My So-Called Pilgrim Life

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A chronicle of daily life in the 1627 English village at Plimoth Plantation from both a modern and historical perspective.

Make Haste – Hasty Pudding, that is!

February 10th, 2009 by admin

Hasty Pudding isn’t just an award that Harvard’s drama club drags out this
time every year, all congratulations to this years Woman of the Year Renee
Zellweger. Hasty Pudding was good eating, as well as  good times, enjoyed in
the seventeenth century and it’s descendant dish – Indian Pudding – is still
being enjoyed in Plymouth. Hasty Pudding is referenced long before there is
a recipe for it. ”Fij, I can thinke of no fitter name than a hasty pudding.
For I protest in so great haste I composed it,…”(1599). But it’s another
fifty years before it shows up in a recipe form by William Rabisha, in a
very elegant form that includes a finishing touch of:
with a handful of Sugar, and a little Rose-water, stir them together again
till they begin to boyl and thicken, then put it out into your dish you
serve it up in, set it on a heap of coals, put a fire-shovell to be red hot
in the fire, then hold it close to you Pudding untill it is brown on the
top, so scrape on Sugar and send it up.

Doesn’t that sound like the sort of thing that ought to have replaced crème
brulee as the dress desert of tres chic trend? But most hasty puddings were
far simpler fare – flour or fine meal, boiled in water or milk, and then
served up in a hurry  – “Like a hastie-Pudding, longer in the eating, then
it was in making.”

When John Jossylyn writes about the use of maize meal in New Englands
Rarities (1672), it is a version of this simpler pudding he
recounts: ….Homminey, which they put in  a Pot of two or three Gallons, with
Water, and boyl it upon a gentle Fire till it be like Hasty Pudden; they
put of this into Milk, and so eat it.”

I hope you were paying attention because here’s the subtle shift between old
England’s Hasty Pudden (Okay – I LOVE that spelling; it’s how I hear it in
my mind’s ear) and New England’s Indian Pudding. Amelia Simmons in 1796,
first American Cook Book and all – she’s the first to record a recipe for
Indian Pudding – three, actually. They’re called ‘Indian’ because they’re
made with Indian corn meal – to differentiate it from rye and wheat, which
were English flours. And then, too, corn meant any grain that you grew, not
like now when it’s Zea mais. And they each include meal that is boiled,
although the haste is gone. One needs to cook for twelve hours. That’s
right – twelve hours. By the time the Boston Cooking School Cook Book comes
along in 1884, Mrs. Lincoln (who was Fannie Farmer’s predecessor) manages to
shave four hours off the process in the Plymouth Indian Indian-Meal Pudding,
contributed by Mrs. Faunce. It’s a version of this Indian Pudding that I’ve
been making for the Plimoth Cinema. In my version I use a slow cooker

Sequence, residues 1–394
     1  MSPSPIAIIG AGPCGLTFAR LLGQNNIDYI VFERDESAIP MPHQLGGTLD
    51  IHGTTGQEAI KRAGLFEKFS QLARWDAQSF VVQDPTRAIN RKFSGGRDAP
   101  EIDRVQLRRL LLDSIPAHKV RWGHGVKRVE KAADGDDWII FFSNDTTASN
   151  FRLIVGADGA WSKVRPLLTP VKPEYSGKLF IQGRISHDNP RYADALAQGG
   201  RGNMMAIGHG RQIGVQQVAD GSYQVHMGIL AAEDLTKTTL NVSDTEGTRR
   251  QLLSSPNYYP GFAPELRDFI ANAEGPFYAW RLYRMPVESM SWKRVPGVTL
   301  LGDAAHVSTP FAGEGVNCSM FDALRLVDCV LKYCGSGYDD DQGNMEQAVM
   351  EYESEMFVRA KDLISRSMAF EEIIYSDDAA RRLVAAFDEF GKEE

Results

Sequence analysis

instead of a slow oven. And I have to triple the quantities  – there are a
lot of Indian pudding lovers in Plymouth!

I’ve also discovered the Great Fruit Divide – the people who tolerate, or
even love raisins or dates or other add-ins, and those who broach no
sullying of the corn/milk/molasses that is Indian pudding. As soon as I
finish this I’m going to try a small batch of what may be Plimoth Cinema
Indian Pudding – one with cornmeal, milk and molasses, to be sure, but with
some cranberries – dried, like the addition of raisins, or fresh (fresh
being the ones I froze during the harvest) to make a something completely
different? Will the fresh ones burst and make the muddy color murkier or
perk it up? Hmmmm…never a dull moment in the life of a Foodways Culinarian!

Coming soon – Pilgrim Pancakes for Shrove Tuesday (maybe you know the day as
Mardi Gras?) and Pippin Hot – Seventeenth Century Apple Pies

Kathleen Wall ~ Colonial Foodways Culinarian

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2 Responses to “Make Haste – Hasty Pudding, that is!”

  1. Stacy says:

    I love cooking up hasty pudding in the village. Put some “warming” spices like cinnamon and ginger and it’s wonderful. But beware if it does get on your skin right when it’s done cooking it has the burning power of napalm! That is a mistake you only make once. I did it, cooking in pilgrim garb, stirring the grouts in till it all came together over the open fire and had just taken the pot off the hook and placed it down to stir some more. Just then a glob of it flew from the pot right onto my thumb. Now being that there was about 6 people in the house I did not think it would be good to jump up and use some choice italian slang words. So being the cool headed pilgrim I poured water from the pitcher into one of the cups and then put my thumb right in it. I’m laughing now at my reaction but it seemed very practical to me at the time. It wasn’t till the visitors left that I asked Shelley to watch the fire so that I could go to the goat house for some first aid.

    But even with this word of warning I still enjoy hasty pudding, either sweet or savory, any day.

  2. Kathleen Wall says:

    Stacy,
    You’ll be glad to hear that in the 2009 season we will once again be celebrating National Indian Pudding Day at Plimoth Plantation. I’m sure you all have marked the day in red letters in your daybooks….I’ll post an Indian Pudding recipe closer to the big event. KMW

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